Hard work through lean years pays off

GAA : IT’S NOT quite 10 years since the Dublin County Board launched a new plan for hurling in the county: Blueprint for Change…

GAA: IT'S NOT quite 10 years since the Dublin County Board launched a new plan for hurling in the county: Blueprint for Change and Success was prepared by the Dublin Hurling Review Group, chaired by former county manager Michael O'Grady, and contained several lofty aspirations.

Part of its mission was to make hurling the number one Gaelic sport in Dublin by 2010, to ask dual players to commit exclusively to the game, and also to win a national senior title within 10 years. At the time many people felt it was mostly outlandish and yet with an uncanny sense of timing many of those aspirations have now been reached.

So watching Dublin’s victory over Kilkenny in Sunday’s Allianz Hurling League final – their first such title in 72 years – O’Grady could afford himself a warm smile of satisfaction, on several grounds.

He’d soldiered on the sidelines during the lean years of the 1990s but never lost hope, backing other ventures such as the Friends of Dublin Hurling, and was strongly committing to the blueprint when it was first announced in November 2001.


“When that blueprint was launched one of our main aims was that Dublin would win a national title in 10 years,” says O’Grady. “To be honest I know it was really only an aspiration, at the time. And there were quite a few fellas in Dublin saying it was pie in the sky.

“But I suppose we are bang on schedule. And if you include college finals and minor and under-21 Dublin hurling has achieved an awful lot in the last 10 years. But even in 2001 a lot of things were happening, and I think there was even more put in as a result of that report, structural changes, etc.

“Winning has played a big part in getting the whole thing up and going. A lot of good hurlers are being turned out. And, in fairness, with proper funding from Leinster Council, Croke Park, and the Dublin County Board. But genuinely I did feel that the way things were going it could happen, because the work was being done to make it happen.”

O’Grady managed Dublin from 1996 until Kevin Fennelly took over in 2001 – and understandably ranks Sunday’s win as Dublin’s finest moment of his hurling lifetime: “You always need that bit of luck on the day as well to win, but Dublin certainly deserved it big time on Sunday. They could have won by more, if anything.

“The reality now is Dublin have a serious team, and a serious panel. They’re not just depending on 15 players. They have 23 or 24 serious hurlers.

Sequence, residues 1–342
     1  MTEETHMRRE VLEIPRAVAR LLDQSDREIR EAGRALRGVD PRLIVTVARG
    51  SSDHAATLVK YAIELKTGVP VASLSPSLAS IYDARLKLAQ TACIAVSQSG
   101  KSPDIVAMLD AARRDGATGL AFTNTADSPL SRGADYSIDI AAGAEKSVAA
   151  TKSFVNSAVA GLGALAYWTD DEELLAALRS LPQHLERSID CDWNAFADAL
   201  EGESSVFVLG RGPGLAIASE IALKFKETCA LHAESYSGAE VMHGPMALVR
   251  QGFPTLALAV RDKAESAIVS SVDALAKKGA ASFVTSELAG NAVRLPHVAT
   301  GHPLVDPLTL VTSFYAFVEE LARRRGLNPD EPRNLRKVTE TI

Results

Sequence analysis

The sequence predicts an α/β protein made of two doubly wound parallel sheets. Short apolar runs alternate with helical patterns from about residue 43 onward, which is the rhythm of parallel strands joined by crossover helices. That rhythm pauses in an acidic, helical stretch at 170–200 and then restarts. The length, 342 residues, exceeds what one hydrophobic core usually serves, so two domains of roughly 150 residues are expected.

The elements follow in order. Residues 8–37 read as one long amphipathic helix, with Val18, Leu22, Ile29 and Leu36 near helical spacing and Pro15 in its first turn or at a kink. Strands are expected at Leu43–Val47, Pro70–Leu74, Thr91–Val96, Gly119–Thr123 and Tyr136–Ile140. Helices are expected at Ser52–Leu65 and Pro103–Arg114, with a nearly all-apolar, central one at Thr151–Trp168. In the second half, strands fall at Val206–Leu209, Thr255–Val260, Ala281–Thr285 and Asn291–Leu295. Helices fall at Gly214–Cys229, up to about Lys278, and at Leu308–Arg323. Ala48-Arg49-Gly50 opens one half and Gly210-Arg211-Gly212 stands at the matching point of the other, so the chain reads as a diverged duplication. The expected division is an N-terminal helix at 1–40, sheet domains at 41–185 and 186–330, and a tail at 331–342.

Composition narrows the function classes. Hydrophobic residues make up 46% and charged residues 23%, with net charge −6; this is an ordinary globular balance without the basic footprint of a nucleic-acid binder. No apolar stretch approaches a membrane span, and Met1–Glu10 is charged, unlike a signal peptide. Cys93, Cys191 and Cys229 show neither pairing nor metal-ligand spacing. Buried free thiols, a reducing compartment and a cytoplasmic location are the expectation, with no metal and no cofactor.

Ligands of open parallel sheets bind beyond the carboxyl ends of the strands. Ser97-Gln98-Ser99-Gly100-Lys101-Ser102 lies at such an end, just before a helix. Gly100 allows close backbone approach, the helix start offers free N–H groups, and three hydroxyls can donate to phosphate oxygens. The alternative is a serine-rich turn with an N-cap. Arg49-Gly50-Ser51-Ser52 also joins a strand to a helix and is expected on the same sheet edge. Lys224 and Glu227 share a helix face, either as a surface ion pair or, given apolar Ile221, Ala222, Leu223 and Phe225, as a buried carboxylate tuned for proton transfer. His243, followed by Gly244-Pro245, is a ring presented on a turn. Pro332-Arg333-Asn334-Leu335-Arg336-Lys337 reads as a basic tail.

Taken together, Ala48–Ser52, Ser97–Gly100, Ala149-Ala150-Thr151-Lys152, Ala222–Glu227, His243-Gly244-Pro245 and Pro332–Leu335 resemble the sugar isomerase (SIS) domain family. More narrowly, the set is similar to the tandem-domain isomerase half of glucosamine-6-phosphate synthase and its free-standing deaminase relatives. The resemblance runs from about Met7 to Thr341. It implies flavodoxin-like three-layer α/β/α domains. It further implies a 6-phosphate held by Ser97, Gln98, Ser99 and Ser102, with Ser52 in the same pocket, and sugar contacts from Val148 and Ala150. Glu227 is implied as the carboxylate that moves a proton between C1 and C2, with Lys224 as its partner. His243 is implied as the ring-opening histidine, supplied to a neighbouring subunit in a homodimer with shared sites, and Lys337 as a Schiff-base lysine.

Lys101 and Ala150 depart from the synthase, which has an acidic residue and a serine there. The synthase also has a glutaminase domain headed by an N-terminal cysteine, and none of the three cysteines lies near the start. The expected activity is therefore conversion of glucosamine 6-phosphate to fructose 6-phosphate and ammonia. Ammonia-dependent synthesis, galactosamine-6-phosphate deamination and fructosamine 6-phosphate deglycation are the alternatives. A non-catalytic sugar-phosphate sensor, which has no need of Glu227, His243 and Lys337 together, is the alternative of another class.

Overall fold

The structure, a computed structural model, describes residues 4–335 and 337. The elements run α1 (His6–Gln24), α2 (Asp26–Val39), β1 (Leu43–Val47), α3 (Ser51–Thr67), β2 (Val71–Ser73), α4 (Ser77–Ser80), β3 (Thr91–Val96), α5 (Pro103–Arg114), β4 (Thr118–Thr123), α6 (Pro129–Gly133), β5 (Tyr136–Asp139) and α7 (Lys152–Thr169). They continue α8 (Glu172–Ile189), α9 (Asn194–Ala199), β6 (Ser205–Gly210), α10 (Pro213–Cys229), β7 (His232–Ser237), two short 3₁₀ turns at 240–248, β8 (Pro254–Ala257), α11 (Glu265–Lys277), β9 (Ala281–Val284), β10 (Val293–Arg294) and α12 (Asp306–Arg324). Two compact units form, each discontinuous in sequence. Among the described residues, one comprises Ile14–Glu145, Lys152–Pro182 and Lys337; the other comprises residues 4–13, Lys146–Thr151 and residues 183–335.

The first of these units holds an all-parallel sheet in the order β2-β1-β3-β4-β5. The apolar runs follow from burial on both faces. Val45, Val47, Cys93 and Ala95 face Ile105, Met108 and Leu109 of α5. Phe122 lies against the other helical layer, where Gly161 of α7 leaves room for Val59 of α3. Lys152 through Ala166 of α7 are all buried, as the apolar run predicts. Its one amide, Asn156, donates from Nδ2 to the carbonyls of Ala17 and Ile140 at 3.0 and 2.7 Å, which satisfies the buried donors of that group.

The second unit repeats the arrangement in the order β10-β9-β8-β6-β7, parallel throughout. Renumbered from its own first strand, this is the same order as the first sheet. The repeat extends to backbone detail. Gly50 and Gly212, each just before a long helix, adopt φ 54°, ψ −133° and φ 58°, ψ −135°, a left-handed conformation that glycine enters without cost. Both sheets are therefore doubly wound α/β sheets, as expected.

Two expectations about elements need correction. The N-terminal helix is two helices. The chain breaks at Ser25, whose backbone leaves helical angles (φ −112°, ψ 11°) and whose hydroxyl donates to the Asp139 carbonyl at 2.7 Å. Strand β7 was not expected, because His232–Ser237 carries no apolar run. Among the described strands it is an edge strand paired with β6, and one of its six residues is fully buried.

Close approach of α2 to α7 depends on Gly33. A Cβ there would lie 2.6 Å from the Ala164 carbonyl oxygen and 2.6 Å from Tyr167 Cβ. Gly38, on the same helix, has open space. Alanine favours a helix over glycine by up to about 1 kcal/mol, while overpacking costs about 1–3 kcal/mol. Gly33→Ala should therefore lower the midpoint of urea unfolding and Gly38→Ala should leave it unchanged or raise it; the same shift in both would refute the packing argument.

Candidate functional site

“But I felt on Sunday morning that Dublin would beat Kilkenny, even if Kilkenny were at full strength. The future for Kilkenny really is to build a new team, although I don’t think that will happen this year.”

As for making hurling the number one Gaelic sport in Dublin, some might say that too has already happened – given the Dublin footballers lost their league final the previous Sunday: “Well obviously rugby has made big progress in Dublin in the last 10 years too.

“But you just have to look at the clubs that were represented on Sunday. Kilmacud, Ballyboden, Palmerstown, Lucan; these aren’t the traditional hurling strongholds. Many of these were football clubs, but are now playing hurling as well. A lot of kids in Dublin have a hurl in the hand now, irrespective of what they play. Again a lot of good coaching at schools and club level, the games promotion officers, and having a successful senior hurling team is definitely a big help too. Conal Keaney back in the team as well. I singled him out a long time ago as massively important for Dublin hurling.”

Asked to single out a turning point for Dublin hurling over the last decade, O’Grady somewhat surprisingly points to last summer: “I really believe the defeat to Antrim in the championship last year has made the biggest difference this year. They were so sickened by that, I think they just made their minds up, and as a result, they’re much tougher now, mentally more than physically.

“Last year they were scoring less and conceding more. This year they’ve got much more physical, and if anything are playing the Kilkenny brand of hurling, which is taking the man on, putting the body on the line. Every time. So sometimes it really is true, that you learn more from defeat than victory. The Antrim defeat last year really stood to them on Sunday.

“The other difference now is consistency. In my time we’d a fairly good team, but we’d beat Galway one day, by eight points, and lose to Antrim the next, by five points. Hot and cold, hot and cold. This present team, I believe, will never be cold again. Because Anthony Daly has real options now on the sideline. No players are invincible. They’re on their toes, and they all have massive commitment.”

Which leaves one final question: How soon before Dublin win the All-Ireland outright? “I’d say they’ll win one in the next five years. They are approaching something of a pinnacle.

“What Kilkenny did in recent years is not doable anymore. Tipp will not win four-in-a-row. They might win two. Because keeping the appetite is almost impossible. Kilkenny also had a soft Leinster championship for a few years.

“They’ve now Galway and Dublin to contend with. So I think the whole thing has changed, and Dublin are in the frame to win an All-Ireland in the next five years. And that would be wonderful.”

Ian O'Riordan

Ian O'Riordan

Ian O'Riordan is an Irish Times sports journalist writing on athletics